Simultaneously, Krishna demonstrates that upward mobility also cannot be addressed by simplistic fixes. For instance, providing education alone does not enable people to move out of poverty. This is shown by the case of Keshu, who manages to complete secondary school, but is unable to find work apart from the kind of day labour that his peers who had dropped out of school years earlier do. Upward mobility, in this case, requires the acquisition of certain kinds of attitudes, experiences, and information, as explored in Chapter 6. What is demonstrated in the cases of those who are able to move up the social ladder is access to certain kinds of information and encouragement to be able to do so. As one interviewee explains in the book, it is not that the poor lack talent or intelligence, but that “no one in my circle dreamed big.” Thus, aspiration is constrained by class, not simply in terms of elites excluding the poor, but the way in which exclusion can become self-perpetuating through internalisation of the belief of who can and who can’t make it. What is necessary for social mobility is not just the infrastructure of education, but the ability for the poor to imagine the “big dreams” in the way that elite and upper middle-class children are taught to from birth.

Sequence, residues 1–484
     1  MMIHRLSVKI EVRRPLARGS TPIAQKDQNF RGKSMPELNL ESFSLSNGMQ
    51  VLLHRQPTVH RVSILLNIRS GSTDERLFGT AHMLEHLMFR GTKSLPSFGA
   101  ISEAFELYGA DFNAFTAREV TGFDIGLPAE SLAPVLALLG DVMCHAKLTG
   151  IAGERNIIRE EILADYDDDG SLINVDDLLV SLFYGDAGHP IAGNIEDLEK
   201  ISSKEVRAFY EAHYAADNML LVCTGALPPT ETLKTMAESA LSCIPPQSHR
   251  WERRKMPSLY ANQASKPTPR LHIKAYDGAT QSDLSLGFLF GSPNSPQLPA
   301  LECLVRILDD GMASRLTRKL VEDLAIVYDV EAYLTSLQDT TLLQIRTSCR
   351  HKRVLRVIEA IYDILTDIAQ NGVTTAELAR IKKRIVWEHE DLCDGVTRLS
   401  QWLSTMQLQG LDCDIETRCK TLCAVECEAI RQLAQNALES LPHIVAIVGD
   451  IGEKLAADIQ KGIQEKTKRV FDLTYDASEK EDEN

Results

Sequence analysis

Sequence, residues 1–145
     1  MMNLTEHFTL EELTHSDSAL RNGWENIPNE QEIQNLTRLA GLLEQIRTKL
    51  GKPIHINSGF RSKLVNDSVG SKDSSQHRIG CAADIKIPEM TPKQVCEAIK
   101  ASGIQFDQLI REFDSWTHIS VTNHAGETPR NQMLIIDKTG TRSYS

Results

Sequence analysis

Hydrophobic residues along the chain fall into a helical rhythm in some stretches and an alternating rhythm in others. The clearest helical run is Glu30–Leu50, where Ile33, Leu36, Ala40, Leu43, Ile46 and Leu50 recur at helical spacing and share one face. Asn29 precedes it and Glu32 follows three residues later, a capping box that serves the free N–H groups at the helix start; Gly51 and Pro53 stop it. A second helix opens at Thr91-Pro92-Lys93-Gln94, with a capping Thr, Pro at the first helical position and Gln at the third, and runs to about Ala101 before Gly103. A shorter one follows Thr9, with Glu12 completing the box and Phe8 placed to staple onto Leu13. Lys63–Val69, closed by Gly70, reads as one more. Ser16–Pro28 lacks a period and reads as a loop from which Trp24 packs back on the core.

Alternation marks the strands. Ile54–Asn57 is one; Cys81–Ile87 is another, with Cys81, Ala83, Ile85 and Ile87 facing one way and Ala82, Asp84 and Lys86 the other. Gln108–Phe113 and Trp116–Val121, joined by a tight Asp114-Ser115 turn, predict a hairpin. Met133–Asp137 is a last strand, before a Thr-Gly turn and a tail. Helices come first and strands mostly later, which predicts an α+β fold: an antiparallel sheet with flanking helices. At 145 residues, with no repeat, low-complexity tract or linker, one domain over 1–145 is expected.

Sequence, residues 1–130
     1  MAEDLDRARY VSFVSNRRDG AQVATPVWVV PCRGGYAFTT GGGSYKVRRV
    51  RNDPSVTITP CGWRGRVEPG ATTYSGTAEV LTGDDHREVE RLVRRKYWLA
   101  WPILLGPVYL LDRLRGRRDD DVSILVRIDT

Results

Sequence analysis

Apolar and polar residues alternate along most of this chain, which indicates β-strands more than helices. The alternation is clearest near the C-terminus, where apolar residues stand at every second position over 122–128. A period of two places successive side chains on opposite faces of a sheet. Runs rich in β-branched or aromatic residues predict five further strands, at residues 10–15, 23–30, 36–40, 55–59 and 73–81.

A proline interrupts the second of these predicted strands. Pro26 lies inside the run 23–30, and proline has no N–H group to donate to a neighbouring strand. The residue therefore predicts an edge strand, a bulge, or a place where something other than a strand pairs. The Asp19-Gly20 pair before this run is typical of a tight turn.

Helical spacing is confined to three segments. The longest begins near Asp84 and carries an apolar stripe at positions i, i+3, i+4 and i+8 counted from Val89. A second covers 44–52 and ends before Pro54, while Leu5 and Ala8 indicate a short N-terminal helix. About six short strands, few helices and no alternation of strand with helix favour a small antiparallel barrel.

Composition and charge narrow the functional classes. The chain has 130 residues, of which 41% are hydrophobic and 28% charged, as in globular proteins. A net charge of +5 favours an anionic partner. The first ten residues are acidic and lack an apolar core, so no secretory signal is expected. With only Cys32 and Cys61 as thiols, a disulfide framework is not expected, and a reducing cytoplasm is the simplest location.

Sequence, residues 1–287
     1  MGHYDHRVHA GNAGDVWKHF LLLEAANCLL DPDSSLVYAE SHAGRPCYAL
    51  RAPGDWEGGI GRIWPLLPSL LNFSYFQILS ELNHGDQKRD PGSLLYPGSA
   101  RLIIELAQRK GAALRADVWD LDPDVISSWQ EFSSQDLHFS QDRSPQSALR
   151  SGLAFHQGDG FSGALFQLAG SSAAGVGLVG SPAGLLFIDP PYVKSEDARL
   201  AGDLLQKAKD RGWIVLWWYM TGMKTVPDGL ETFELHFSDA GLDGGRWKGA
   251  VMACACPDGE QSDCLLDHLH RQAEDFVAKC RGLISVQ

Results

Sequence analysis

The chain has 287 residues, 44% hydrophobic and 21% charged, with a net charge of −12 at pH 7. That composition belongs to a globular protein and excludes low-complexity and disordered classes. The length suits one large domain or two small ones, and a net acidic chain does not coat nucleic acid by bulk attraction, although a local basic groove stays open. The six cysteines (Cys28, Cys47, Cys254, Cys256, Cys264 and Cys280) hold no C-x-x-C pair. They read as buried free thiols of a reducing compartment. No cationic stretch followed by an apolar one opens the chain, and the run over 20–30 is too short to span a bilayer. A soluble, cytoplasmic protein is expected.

Farmers working the fields in Rajasthan. Photo credit: XJ, Flickr, CC BY NC-ND 2.0.

Yet dreaming big alone is not sufficient in the current labour market, which, as Krishna points out, cannot sustain the millions currently in the informal sector. Thus, Broken Ladder also raises the challenge of contemporary development, whereby earlier models of industrialisation cannot provide the kind of employment opportunities that would create the stepping stone to the middle class. In the context of technologically-driven growth, the available jobs will increasingly require greater skills development. Further, as the book argues, these challenges are increasingly felt as the rural poor migrate to the cities in search for work. The problem, as Krishna points out, cannot be solved without addressing the rural problem alongside that of urbanisation. Thus the geographic context of poverty is one that must be addressed, in what Krishna identifies as the “beyond 5km villages” or the villages that are located more than 5kms from a city.